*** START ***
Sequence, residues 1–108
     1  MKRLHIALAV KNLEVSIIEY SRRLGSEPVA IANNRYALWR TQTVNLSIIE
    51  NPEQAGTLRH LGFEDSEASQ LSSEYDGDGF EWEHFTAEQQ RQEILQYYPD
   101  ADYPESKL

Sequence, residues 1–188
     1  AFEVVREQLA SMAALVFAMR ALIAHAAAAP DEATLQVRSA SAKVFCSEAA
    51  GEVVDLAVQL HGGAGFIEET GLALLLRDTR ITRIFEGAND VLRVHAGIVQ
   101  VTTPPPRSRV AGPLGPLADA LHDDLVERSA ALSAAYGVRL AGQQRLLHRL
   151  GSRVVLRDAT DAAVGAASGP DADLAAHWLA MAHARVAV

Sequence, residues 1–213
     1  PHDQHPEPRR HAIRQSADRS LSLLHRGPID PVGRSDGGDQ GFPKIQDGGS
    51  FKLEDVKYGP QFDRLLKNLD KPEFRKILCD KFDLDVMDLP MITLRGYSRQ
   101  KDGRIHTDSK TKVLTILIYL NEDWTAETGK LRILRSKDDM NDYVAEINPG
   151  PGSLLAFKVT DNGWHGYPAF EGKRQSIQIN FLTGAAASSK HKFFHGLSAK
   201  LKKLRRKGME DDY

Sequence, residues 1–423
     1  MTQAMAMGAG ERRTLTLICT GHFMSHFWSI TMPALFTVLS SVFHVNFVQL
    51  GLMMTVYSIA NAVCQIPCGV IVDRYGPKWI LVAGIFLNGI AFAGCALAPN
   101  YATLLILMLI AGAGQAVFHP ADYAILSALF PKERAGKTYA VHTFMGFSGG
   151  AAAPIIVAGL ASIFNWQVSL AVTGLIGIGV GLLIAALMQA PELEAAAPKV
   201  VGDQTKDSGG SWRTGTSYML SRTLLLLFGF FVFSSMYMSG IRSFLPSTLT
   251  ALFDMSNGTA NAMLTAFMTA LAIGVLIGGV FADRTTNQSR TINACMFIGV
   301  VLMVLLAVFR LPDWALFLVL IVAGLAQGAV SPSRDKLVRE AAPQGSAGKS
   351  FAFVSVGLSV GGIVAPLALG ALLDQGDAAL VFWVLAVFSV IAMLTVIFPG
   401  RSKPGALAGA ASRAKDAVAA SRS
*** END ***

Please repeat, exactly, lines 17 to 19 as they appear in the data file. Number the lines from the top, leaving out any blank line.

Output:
     1  MTQAMAMGAG ERRTLTLICT GHFMSHFWSI TMPALFTVLS SVFHVNFVQL
    51  GLMMTVYSIA NAVCQIPCGV IVDRYGPKWI LVAGIFLNGI AFAGCALAPN
   101  YATLLILMLI AGAGQAVFHP ADYAILSALF PKERAGKTYA VHTFMGFSGG